4.  Shivat Tzion (Returning to Zion)–After the Babylonian exile, the Jews returned (after 70 years) with permission to rebuild the Temple. This occurred in the time of Ezra the Scribe. According to tradition, he died on 10 of Tevet. Yes, the very same 10 of Tevet that is a fast day. The same 10 of Tevet that I wrote about (see above referenced blog post) that should be (if it were halachikally possible) removed from the calendar. This day could celebrate the Jewish spirit of surviving exile; returning HOME and rebuilding from scratch. Quite possibly this date could become the annual Yom Olim (day for Olim) and co-sponsored in Israel by Nefesh B’Nefesh and the Ministry of Absorption. The Ministry could hold events around the world encouraging Aliyah. The possibilities of celebrating the spirit of the original Shivat Tzion are endless.pp-israelitesreturning_js_0121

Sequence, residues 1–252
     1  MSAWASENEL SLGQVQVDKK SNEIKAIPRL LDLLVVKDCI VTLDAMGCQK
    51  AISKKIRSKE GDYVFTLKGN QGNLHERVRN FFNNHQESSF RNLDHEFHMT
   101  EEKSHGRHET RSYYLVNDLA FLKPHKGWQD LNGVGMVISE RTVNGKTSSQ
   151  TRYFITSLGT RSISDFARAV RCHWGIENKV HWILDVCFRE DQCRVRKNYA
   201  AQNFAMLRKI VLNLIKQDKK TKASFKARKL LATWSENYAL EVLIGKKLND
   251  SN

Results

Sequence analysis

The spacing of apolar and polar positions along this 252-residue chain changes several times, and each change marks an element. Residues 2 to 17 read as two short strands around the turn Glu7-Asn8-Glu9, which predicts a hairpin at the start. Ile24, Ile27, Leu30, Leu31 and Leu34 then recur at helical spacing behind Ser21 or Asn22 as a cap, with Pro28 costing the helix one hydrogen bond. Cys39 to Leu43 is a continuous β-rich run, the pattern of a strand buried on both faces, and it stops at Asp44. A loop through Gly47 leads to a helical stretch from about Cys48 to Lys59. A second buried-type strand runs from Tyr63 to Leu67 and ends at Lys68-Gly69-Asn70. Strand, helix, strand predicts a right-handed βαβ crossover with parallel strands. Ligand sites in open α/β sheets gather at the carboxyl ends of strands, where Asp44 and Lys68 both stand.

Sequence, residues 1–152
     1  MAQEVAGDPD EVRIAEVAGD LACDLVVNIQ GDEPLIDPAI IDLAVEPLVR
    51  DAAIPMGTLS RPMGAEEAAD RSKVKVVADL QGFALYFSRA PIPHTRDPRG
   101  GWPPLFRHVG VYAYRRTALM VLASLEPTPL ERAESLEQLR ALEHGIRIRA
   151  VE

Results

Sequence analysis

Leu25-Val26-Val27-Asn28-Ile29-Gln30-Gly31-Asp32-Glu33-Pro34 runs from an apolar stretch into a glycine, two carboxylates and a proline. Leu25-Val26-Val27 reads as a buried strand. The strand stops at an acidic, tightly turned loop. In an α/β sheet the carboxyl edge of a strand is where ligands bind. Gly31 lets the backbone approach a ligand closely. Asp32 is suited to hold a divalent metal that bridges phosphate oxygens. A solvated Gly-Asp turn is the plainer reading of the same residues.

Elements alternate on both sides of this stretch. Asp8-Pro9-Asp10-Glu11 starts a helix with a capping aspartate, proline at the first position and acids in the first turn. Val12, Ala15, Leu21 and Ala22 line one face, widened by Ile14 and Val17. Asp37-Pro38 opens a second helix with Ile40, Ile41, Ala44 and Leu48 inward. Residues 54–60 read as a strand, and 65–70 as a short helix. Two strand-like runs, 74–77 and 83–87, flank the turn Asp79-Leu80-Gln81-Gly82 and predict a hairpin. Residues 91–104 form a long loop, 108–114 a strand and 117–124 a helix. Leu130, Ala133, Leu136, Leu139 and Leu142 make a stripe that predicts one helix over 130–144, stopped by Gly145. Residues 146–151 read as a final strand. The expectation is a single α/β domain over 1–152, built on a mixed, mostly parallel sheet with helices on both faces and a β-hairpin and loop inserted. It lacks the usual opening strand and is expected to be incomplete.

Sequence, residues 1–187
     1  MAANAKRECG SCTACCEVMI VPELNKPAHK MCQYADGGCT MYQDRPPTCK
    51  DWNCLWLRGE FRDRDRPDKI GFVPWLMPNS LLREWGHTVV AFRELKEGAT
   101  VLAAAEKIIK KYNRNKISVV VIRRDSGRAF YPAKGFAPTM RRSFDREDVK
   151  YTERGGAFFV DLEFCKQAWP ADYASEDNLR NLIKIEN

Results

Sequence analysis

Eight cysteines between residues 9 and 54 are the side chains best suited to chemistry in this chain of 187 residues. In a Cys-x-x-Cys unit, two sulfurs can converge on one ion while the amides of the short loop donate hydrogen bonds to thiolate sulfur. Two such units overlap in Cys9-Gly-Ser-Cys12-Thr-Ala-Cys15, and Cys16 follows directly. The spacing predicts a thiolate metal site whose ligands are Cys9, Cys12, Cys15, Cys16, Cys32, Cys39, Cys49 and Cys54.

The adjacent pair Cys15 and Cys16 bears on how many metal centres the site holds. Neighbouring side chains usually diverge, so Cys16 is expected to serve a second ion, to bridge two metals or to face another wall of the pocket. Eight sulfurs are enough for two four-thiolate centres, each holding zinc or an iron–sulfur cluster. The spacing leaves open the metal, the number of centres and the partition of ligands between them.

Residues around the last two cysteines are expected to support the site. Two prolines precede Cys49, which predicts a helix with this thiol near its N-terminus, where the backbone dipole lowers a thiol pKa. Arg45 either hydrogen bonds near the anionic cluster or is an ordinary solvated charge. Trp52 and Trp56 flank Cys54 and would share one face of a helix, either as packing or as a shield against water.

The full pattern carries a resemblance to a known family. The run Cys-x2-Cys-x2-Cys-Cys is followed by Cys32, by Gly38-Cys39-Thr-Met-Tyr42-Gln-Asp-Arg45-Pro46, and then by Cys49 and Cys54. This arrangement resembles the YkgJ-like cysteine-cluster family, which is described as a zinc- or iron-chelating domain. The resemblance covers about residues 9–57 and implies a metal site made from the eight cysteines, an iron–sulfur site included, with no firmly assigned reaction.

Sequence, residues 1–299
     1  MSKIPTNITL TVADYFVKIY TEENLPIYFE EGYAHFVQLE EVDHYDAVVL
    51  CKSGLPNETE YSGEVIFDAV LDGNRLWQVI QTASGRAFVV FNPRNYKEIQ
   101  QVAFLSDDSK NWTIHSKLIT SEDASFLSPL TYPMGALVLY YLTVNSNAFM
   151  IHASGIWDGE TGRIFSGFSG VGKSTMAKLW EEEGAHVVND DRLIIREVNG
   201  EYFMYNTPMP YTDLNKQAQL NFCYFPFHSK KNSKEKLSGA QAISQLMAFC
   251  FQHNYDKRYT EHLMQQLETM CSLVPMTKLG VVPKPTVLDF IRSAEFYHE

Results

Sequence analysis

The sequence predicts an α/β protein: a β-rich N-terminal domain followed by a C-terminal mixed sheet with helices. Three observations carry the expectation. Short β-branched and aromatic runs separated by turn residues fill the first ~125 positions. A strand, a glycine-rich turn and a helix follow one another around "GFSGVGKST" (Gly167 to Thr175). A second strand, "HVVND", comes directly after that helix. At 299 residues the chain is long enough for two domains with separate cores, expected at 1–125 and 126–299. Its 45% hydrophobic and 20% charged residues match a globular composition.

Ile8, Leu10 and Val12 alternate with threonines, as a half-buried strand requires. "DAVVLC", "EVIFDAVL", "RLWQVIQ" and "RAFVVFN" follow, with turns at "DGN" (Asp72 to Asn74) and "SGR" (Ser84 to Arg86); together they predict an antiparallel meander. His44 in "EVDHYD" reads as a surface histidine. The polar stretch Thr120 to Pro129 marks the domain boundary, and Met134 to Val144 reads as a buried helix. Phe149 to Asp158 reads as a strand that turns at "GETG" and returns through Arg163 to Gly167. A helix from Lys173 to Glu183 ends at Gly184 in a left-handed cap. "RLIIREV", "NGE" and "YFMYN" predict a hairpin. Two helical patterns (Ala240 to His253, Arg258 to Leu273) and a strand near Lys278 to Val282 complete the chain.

These are merely some general ideas of ways to add JOYOUS occasions to our calendar. If we could add these kinds of joyous occasions, and if we could eradicate the sad days, our calendar could feel much invigorated by our annual/calendrical cycle.

I am sure, if you put your mind to it, you could come up with a few other happy historical events to celebrate. In the meantime, let’s focus on joy instead of sadness; on happiness instead of melancholy and on rebuilding instead of mourning.


One thought on “It is Time to Add Joy to Our Calendar!

  1. Rabbi Zev,
    This makes so much sense to me. As you said, it makes the Jewish calendar and Judaism relevant and real for today. I think these changes would infuse our beautiful religion and culture to reflect more joy in what Hashem has done for us. Yes, it’s important to remember the past, but not endlessly live in the past.

    Liked by 1 person